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My J27 arrived yesterday. Had the loco tender coupling issue but easily bent to relieve the pressure. Seems to run very well so far. The cab windows look worse because of the way Oxford has painted the edges of the windows cream as this higlights the fact the windows are slightly too small and spaced a fraction too wide. First job will be to remove the glazing and paint all the edges black.

Andrew

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3 hours ago, gr.king said:

I hope nothing important and difficult to repair snaps when you try that.

 

I bet it falls apart.  :smile_mini:

 

There's a 4 pin JST connector under the tender so both electrical and mechanical separation from the chassis/body should be simple. As long as the factory haven't been over zealous with the adhesive the rest should be easy.

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Side glazing came out easily. Spectacle glazing is one piece but I was able to just push in the front glazing so I could carefully paint around the edges.

 

I've painted the inside of the cab black as I remain to be convinced the interior of the cab of a mineral engine would be any other colour. The body disassembled easily - a screw under the smokebox and a screw beneath the piece of insulating tape under the front of the cab. Just need to be careful with the reverser and sandbox operating rods.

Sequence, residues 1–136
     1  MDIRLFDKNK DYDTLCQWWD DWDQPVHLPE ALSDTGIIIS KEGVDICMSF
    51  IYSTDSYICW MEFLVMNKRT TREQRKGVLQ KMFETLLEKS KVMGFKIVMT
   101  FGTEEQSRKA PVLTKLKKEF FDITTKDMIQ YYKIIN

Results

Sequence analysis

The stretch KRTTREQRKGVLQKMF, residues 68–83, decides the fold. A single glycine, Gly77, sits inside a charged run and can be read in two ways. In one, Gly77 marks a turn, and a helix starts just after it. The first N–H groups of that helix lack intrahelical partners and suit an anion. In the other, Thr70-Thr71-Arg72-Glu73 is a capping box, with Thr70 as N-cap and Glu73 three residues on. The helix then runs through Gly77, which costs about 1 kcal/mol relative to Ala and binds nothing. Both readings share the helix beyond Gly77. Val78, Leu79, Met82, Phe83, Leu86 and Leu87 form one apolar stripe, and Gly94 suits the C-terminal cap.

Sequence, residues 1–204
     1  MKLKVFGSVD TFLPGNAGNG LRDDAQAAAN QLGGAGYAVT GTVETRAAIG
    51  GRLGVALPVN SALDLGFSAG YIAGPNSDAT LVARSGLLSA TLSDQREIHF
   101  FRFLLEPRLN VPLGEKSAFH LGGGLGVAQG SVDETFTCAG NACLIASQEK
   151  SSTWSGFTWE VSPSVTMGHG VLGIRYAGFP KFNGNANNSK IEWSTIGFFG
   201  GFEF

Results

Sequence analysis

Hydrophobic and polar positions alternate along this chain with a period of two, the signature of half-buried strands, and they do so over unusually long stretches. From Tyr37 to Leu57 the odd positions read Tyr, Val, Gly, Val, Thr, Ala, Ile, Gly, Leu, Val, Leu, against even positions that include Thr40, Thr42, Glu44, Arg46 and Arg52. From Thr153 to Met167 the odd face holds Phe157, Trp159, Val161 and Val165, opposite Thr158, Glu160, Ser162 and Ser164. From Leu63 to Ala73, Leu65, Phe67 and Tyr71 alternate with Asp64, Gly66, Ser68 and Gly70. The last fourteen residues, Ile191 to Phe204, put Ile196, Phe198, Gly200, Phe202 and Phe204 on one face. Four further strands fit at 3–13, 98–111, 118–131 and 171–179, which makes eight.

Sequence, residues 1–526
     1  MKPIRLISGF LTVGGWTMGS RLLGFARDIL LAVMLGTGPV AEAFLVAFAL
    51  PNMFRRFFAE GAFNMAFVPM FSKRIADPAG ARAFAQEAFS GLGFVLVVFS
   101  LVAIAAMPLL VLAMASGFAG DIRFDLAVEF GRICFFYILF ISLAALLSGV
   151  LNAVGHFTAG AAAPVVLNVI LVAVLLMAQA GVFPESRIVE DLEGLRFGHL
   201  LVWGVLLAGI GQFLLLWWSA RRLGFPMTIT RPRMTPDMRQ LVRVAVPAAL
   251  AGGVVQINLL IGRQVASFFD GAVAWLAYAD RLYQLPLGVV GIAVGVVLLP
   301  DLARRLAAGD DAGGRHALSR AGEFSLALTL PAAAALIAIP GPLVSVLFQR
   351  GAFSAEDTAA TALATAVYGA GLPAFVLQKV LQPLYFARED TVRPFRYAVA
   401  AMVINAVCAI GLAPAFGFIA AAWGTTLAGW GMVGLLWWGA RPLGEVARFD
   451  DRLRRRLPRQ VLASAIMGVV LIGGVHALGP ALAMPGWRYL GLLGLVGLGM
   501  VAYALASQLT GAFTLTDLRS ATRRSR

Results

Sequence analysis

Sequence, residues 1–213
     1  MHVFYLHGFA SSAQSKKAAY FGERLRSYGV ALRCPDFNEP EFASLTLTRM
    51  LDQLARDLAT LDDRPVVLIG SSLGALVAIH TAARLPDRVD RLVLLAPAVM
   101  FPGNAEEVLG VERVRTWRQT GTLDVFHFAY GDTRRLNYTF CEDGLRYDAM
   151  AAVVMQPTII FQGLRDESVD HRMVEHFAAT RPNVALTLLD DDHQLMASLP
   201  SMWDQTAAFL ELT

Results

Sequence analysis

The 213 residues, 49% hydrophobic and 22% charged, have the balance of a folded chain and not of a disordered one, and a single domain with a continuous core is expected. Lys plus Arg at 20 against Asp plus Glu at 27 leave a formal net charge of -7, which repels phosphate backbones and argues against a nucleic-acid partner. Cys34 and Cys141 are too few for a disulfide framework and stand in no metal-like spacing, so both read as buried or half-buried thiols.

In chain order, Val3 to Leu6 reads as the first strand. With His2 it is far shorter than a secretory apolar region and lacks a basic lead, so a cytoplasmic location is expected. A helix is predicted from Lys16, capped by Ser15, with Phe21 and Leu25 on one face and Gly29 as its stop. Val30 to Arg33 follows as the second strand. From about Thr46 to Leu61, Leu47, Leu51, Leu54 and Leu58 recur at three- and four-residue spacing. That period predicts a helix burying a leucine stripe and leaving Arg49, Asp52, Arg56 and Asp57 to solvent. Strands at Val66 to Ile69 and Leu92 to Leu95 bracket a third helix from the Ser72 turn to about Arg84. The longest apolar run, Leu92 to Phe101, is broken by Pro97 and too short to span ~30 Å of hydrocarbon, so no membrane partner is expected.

Andrew

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2 hours ago, Woodcock29 said:

Side glazing came out easily. Spectacle glazing is one piece but I was able to just push in the front glazing so I could carefully paint around the edges.

 

I've painted the inside of the cab black as I remain to be convinced the interior of the cab of a mineral engine would be any other colour. The body disassembled easily - a screw under the smokebox and a screw beneath the piece of insulating tape under the front of the cab. Just need to be careful with the reverser and sandbox operating rods.

 

Andrew

Sorry Cabs were top half Red, bottom Black , photo in Big Four in Colour of a J24 and J25  without Tenders.

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Might that in fact be reddish brown, rendered as red by the early colour photographic emulsion? As mentioned in a dedicated cab colours topic elsewhere, Ken Hoole's notes in "An Illustrated History of NER Locomotives" suggest that the North Eastern used reddish brown for cab interiors after discontinuation of the elaborate wood-grained finish, so might the same practice have continued at Darlington after 1923?

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2 hours ago, micklner said:

Sorry Cabs were top half Red, bottom Black , photo in Big Four in Colour of a J24 and J25  without Tenders.

That might be the case for locos fresh from overhaul as shown in the photo you reference but I can't imagine they stayed very red for long on mineral train duty. I'm quite happy with my black cab interior for a loco that's going to be weathered in due course

Andrew

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Listed for education purposes only. Ex works @ Darlington Works 1938

 

fullsizeoutput_38db.jpeg.f37dce5e007ac12ee41583a4d151fb21.jpeg

 

As Grame has already said perhaps a Red Brown shade. Colour film of that era is well known as unreliable as to actual shades. What is does confirm is the Top half of the Cab is "Red " .

I cannot think of  any reason why any Loco Cab interior colour would become Black due to simply working Mineral trains.